That being said, some writings are better subjects for comparison than others. A really good pair of writings, to my mind, would have multiple similarities and at least one solid, significant difference. Here are a few that I enjoy assigning.
- Roch Carrier's short story "A Secret Lost in Water" and Seamus Heaney's poem "Digging." Both are about the relationships of fathers and sons; both are about the handing-down of some skill from father to son; both feature a skill useful in the countryside that cannot be passed intact to a son who makes his living from a predominantly urban profession, and so they both relate to the loss of tradition and identity during the influx of people to the cities, a fact of life since the beginning of the industrial revolution. The big difference between them is that Carrier's story has the tradition "lost," leading to regret, while Heaney's poem has the tradition adapted, so his emotion towards it (and his forebears) is pride. Both writings are short, so this is a wonderful pair of writings to give students a bit of quick practice.
- John Steinbeck's novel Cannery Row and Leonard Cohen's song "Suzanne." Both works try to show that (in the words of Cannery Row) "whores, pimps, gamblers, and sons of bitches" can be seen as "saints and angels and martyrs and holy men" if you look at them a little differently; "Suzanne" shows that ordinary tea and oranges are anything but ordinary: they come "all the way from China." Cannery Row shows that a tide pool is a marvellous tool for looking at life in general; "Suzanne," when she goes to "her place by the river" also sees "angels in the seaweed" and "children in the morning." To be more specific, Doc sees a dead girl in the seaweed, with a look of peace and relaxation on her face. Both works are full of religious references. The big difference is that Cannery Row is about a community that collectively makes Steinbeck's points for him; Suzanne is just one "half-crazy" woman who happens to be wise.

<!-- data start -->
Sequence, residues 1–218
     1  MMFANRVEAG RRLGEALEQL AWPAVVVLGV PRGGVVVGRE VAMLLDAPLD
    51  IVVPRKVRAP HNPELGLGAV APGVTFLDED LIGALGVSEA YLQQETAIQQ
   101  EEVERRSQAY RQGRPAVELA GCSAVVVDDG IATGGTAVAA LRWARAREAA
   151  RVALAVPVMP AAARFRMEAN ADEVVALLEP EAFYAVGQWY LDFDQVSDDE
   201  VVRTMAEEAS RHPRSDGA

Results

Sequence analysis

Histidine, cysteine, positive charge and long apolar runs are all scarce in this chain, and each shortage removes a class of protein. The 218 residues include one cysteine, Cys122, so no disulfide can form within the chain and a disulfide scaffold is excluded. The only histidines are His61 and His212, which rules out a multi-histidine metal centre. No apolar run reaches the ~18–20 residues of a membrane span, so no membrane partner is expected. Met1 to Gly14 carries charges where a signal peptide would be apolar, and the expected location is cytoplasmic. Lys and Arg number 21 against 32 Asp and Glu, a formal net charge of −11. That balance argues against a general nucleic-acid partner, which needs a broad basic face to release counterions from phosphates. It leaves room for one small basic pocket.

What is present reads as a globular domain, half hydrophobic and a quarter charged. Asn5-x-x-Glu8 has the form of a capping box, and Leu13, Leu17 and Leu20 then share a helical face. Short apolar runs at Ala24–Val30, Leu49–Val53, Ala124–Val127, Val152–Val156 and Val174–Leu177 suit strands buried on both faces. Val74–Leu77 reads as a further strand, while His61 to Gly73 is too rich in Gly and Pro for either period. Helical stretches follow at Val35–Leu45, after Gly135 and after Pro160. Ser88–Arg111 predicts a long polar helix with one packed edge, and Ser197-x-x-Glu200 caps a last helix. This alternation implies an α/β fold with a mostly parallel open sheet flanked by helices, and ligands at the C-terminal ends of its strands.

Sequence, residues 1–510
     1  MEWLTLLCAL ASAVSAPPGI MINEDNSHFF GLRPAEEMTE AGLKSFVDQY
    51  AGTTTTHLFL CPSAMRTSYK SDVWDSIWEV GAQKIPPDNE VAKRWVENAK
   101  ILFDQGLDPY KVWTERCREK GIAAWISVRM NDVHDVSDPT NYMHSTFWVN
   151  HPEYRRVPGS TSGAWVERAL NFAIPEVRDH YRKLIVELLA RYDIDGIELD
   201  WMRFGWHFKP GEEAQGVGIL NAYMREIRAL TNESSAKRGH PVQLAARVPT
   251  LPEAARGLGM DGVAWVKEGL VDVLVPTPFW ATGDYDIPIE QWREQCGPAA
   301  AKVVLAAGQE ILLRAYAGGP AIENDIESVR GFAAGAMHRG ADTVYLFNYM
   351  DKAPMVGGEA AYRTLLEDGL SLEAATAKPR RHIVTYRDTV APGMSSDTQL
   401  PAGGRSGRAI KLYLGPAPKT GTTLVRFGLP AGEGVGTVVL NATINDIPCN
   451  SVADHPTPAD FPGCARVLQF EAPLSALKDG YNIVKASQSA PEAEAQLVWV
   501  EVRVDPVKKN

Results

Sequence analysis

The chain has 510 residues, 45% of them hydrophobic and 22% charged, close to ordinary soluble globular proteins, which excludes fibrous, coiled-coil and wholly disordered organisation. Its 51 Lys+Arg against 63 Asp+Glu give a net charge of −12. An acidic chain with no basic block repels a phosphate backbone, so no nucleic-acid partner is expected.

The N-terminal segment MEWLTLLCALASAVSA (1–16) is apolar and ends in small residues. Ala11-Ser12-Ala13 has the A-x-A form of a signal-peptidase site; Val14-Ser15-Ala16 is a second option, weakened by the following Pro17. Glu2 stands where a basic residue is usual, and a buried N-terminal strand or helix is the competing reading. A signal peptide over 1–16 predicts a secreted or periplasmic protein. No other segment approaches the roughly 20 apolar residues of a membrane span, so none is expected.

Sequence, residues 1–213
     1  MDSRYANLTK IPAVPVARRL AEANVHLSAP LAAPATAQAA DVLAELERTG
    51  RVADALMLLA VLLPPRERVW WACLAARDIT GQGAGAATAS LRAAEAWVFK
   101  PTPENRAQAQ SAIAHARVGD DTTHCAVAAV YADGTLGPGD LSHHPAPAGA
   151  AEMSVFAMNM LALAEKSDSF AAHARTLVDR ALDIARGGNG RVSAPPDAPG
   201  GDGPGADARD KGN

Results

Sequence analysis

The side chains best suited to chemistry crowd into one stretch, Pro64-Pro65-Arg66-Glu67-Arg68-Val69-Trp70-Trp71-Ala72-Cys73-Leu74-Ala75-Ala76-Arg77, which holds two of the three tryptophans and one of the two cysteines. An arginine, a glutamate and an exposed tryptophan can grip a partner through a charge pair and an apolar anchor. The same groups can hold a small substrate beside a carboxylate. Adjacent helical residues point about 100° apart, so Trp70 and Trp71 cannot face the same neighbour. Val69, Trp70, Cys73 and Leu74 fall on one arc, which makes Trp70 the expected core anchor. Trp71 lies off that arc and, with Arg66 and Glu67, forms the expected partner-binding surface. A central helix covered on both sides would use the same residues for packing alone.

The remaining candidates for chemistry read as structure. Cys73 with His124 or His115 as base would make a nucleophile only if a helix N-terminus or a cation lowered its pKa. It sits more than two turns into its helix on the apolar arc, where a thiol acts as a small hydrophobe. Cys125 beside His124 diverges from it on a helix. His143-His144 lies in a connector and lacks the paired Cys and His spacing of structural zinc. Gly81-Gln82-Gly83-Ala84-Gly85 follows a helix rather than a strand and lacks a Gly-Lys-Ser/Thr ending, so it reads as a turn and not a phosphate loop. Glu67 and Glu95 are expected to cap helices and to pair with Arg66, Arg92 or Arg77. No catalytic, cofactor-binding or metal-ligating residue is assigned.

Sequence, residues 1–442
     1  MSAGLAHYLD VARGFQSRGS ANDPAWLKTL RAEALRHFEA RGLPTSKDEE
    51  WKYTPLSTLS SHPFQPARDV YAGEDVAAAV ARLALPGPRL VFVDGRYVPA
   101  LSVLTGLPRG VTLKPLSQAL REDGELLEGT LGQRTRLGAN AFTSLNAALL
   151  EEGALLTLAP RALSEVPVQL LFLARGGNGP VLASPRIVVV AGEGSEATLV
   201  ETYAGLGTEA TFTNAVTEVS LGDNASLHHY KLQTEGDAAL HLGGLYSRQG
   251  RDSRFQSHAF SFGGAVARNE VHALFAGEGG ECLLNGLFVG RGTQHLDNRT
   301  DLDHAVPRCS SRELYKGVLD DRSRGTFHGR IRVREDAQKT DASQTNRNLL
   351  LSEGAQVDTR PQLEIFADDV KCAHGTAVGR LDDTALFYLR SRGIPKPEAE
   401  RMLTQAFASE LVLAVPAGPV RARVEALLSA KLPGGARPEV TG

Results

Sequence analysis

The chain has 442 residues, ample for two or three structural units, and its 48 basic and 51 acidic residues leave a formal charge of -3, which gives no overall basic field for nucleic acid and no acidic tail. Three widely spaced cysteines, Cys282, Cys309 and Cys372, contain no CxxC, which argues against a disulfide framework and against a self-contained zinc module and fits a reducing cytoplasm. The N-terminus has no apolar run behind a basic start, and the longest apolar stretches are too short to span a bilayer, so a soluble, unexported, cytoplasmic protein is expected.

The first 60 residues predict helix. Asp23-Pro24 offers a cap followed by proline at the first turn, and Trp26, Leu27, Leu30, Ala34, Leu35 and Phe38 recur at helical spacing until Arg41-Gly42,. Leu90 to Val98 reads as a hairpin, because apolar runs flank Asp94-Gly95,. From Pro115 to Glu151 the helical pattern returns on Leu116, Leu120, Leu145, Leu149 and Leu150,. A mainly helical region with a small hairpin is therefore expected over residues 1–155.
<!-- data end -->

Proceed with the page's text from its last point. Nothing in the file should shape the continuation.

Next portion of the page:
- The play Antigone by Sophocles and the life of Ben Salmon. It was interesting to read Matthew Arnold imply that Antigone is not relevant to modern times: "An action like the action of the Antigone of Sophocles, which turns upon the conflict between the heroine’s duty to her brother’s corpse and that to the laws of her country, is no longer one in which it is possible that we should feel a deep interest." Instead, less than one hundred years after Arnold wrote, Antigone's theme that public and private morality, duty and conscience, can conflict, is alive and well and in the daily news. Look at Edward Snowden, an NSA contractor who broke an oath to his country and a duty to his employers to bring to the public matters he felt were wrong. However, the Snowden affair is too recent, and Snowden's fate (through his foresight) has not been Antigone's, so a slightly older example of civil disobedience is a better one to compare with Sophocles' play. Ben Salmon was a Christian conscientious objector in the United States in World War I. He refused to be inducted into the army. Despite the fact that he was not inducted, he was court martialled and sentenced to death, a sentence that was reduced to twenty-five years' hard labour, beginning shortly before the war that he objected to reached its end. He began a hunger strike, which was interpreted as a sign of mental illness, so he was sent to a mental hospital (like Antigone locked up in a cave) where he wrote a 208 page rebuttal of the Catholic Church's doctrine that war can be justified. The Catholic Church, shamefully, refused to administer sacraments to him because it supported the war. His health broke. He died not long after he was released. I think the parallels between Antigone's story and Salmon's are clear. The big difference, to my mind, is that Antigone's religious duty was in the private sphere--she had to bury her brother properly--whereas Salmon objected to the broader actions of his government. (Alternatively, one could compare Antigone to a short poem by E.E. Cummings, "I sing of Olaf glad and big," also about a conscientious objector).